There are two levels of administrative licenses issued by the Tennessee Department of Education. After all, surely no one believes – specifically the administrators in Nashville – that almost 90 % of Tennessee students in the fourth and eighth grades are proficient in math and reading as shown on the TCAP (Tennessee Extensive Assessment Program). A report written earlier this year by Kevin Carey of Education Sector dramatically showed how significantly our Department of Education is playing loose with the facts. Meanwhile, NAEP ranks Tennessee as #40 in student achievement, and a lot more disturbing, since 1992, test scores have been reasonably been flat except for fourth grade math.
When compared to the other 50 states, Tennessee Department of Education claims that we are among the top five in the U.S. in eighth grade math and reading, fourth grade reading and math, and higher school reading. Curiously, the state Division of Education doesn’t schedule any press conferences to announce these scores, which come from the only national student test that permits us to truly examine students’ functionality across state lines.
All of this begs the question of why we never have a national standard that enables us to have comparables as part of No Kid Left Behind, but in the interest of states’ rights, when the federal law was passed, every state was provided the power to interpret their own requirements and progress. As extended as Tennessee is able – and most of all, prepared – to set the bar low so proficiency is high, the public is given a false sense of security that the individuals in the Tennessee Department of Education are taking care of organization.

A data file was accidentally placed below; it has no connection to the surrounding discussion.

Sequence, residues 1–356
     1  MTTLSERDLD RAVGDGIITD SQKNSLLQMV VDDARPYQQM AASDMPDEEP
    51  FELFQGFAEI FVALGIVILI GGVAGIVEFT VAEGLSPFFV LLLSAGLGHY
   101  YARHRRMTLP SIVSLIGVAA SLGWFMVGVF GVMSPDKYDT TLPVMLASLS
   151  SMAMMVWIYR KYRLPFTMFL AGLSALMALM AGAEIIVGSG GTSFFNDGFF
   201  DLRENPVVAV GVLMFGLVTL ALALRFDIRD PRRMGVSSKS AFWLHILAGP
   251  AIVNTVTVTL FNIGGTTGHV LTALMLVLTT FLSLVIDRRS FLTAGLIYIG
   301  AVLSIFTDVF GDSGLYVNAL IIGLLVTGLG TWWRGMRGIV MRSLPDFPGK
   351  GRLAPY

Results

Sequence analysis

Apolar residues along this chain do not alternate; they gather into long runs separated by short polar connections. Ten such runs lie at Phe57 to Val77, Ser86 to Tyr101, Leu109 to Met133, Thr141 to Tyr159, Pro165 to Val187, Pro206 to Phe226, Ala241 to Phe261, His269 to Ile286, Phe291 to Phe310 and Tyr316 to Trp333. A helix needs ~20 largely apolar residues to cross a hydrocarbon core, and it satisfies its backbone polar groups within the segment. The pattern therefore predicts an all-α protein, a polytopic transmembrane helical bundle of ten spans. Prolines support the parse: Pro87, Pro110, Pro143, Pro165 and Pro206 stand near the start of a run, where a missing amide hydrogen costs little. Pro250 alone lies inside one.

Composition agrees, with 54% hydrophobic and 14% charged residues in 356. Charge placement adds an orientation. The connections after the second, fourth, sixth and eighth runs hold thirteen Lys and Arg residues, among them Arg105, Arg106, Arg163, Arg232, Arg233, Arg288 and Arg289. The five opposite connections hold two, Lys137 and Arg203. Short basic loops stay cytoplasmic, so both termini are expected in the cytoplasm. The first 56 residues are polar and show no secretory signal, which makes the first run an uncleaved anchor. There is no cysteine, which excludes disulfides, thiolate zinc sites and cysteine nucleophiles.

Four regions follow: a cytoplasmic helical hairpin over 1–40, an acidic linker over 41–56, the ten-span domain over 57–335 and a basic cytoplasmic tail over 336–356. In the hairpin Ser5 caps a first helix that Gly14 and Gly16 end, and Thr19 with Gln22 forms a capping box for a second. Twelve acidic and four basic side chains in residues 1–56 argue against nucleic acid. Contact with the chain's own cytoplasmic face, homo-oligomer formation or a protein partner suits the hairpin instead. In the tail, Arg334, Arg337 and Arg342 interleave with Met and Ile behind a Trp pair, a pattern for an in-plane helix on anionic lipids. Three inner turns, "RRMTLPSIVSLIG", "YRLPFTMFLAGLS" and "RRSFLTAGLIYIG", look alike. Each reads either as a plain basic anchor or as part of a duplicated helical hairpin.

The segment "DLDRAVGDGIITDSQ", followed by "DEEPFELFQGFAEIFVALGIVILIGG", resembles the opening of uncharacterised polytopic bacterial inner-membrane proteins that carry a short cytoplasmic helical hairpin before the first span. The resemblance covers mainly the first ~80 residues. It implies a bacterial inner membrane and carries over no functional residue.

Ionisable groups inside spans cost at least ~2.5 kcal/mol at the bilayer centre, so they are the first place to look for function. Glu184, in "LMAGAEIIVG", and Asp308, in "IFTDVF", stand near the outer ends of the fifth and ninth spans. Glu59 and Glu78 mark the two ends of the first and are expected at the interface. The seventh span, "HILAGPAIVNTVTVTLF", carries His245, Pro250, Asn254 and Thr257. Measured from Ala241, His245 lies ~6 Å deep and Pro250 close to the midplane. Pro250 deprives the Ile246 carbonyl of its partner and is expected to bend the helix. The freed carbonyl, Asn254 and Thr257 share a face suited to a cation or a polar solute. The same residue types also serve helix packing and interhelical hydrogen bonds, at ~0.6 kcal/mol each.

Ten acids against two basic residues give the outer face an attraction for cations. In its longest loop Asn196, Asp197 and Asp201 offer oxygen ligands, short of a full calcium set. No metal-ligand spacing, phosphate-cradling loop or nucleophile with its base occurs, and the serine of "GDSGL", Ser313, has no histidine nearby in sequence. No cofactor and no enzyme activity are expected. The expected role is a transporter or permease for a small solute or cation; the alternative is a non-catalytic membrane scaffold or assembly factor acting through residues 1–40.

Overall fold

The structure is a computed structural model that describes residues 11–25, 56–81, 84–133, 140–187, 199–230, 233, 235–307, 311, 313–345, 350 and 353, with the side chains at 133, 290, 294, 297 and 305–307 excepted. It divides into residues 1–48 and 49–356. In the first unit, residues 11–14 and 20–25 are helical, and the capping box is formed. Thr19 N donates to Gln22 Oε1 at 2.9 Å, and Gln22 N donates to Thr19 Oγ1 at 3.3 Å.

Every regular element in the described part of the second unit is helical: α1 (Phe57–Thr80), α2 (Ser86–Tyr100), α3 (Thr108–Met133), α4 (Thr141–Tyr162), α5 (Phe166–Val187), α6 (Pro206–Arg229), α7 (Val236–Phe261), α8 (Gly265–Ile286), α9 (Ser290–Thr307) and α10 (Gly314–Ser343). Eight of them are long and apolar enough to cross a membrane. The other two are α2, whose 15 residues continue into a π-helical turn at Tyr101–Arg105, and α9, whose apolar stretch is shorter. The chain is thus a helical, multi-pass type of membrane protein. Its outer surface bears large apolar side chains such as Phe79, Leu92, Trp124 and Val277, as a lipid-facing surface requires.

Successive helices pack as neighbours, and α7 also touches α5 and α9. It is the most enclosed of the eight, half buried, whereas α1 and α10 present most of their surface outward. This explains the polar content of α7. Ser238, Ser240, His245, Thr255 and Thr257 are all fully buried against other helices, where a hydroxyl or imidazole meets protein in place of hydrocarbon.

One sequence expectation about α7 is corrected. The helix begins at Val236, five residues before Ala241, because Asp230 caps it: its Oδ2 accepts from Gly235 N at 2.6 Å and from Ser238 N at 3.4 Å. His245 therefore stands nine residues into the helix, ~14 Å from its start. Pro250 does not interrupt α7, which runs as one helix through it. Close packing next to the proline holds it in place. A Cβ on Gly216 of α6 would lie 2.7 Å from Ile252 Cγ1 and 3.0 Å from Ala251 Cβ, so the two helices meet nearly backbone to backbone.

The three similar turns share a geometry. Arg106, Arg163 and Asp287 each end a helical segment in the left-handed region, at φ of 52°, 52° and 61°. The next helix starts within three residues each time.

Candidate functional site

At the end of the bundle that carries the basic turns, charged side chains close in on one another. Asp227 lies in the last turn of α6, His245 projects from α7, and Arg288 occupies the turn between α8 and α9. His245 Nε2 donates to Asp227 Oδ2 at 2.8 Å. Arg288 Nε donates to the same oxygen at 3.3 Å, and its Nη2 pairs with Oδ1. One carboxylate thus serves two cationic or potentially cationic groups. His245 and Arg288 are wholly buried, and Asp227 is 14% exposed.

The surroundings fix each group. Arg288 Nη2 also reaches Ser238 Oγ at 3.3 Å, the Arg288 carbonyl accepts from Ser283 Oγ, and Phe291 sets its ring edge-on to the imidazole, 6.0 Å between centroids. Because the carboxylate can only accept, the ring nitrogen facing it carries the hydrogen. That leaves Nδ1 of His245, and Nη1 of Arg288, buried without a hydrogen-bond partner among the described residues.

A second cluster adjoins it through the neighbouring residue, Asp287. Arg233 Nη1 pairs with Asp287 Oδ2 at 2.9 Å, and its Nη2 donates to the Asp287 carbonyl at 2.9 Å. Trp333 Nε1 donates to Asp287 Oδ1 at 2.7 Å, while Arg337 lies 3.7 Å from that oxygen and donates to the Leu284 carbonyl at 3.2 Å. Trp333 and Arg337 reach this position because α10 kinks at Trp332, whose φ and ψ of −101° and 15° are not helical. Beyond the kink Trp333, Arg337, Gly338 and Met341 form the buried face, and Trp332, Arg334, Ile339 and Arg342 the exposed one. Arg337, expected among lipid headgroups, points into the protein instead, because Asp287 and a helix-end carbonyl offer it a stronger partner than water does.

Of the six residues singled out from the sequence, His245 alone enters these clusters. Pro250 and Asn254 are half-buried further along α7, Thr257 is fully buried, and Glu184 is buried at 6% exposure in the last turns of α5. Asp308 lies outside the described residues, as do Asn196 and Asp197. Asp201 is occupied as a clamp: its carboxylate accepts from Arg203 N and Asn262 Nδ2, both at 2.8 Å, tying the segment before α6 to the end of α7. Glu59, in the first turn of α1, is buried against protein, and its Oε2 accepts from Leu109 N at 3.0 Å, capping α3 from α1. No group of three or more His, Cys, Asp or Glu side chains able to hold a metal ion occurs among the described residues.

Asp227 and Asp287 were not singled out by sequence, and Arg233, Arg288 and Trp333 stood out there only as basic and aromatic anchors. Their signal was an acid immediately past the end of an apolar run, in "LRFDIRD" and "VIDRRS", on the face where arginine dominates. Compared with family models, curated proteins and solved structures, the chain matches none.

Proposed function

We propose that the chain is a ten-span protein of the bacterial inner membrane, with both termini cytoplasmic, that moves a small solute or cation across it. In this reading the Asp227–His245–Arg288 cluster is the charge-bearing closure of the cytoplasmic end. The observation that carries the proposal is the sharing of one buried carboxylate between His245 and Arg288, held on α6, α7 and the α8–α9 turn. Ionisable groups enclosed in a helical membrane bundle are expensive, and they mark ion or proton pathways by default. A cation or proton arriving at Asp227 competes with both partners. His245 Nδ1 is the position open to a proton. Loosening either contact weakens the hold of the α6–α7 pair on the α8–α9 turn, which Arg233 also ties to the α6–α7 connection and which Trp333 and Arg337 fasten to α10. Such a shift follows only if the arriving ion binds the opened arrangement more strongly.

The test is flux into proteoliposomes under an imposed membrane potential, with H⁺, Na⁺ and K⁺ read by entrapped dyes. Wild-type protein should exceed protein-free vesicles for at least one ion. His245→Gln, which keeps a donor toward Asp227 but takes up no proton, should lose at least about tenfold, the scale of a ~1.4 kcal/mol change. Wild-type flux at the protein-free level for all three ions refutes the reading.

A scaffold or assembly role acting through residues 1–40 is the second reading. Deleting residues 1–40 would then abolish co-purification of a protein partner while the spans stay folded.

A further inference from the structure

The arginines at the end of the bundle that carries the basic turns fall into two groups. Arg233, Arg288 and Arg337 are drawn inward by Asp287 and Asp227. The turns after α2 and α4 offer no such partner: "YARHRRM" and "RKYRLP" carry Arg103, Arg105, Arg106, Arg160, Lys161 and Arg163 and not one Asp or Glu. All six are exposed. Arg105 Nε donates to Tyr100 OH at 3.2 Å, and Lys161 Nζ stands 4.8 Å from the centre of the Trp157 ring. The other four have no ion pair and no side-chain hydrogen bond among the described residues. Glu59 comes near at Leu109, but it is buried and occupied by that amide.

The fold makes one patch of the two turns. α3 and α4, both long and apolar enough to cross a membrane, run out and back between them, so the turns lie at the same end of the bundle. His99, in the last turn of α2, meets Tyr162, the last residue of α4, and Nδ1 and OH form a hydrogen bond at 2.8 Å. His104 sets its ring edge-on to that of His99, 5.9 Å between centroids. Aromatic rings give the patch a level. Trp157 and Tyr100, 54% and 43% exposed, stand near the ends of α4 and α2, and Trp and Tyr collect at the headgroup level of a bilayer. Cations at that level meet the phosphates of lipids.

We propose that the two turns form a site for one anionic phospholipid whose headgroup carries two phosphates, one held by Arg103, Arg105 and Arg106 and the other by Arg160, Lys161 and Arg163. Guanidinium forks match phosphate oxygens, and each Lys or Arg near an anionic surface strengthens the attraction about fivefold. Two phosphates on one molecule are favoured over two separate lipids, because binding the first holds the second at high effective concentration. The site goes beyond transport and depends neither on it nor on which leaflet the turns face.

Hopefully, now that Governor Phil Bredesen has breezed to victory and says that education will be his best priority in his second term, he’ll ask the difficult questions and demand much more out of DOE. Considering that we have had quite a few conversations more than the previous year relating to the enormous quantity of disinformation revolving around education I am shocked that you have been prepared to go out on this limb.
Meanwhile, it may have only been curious to us, but soon after the fine series written by Ruma Banerji Kumar and Halimah Abdullah in March in The Industrial Appeal, the newspaper’s coverage of the release of the Tennessee Report Card last week could have been utilised to develop momentum on these earlier articles. You have done a very great job of painting a pessimistic picture of the education alterations in Tennessee.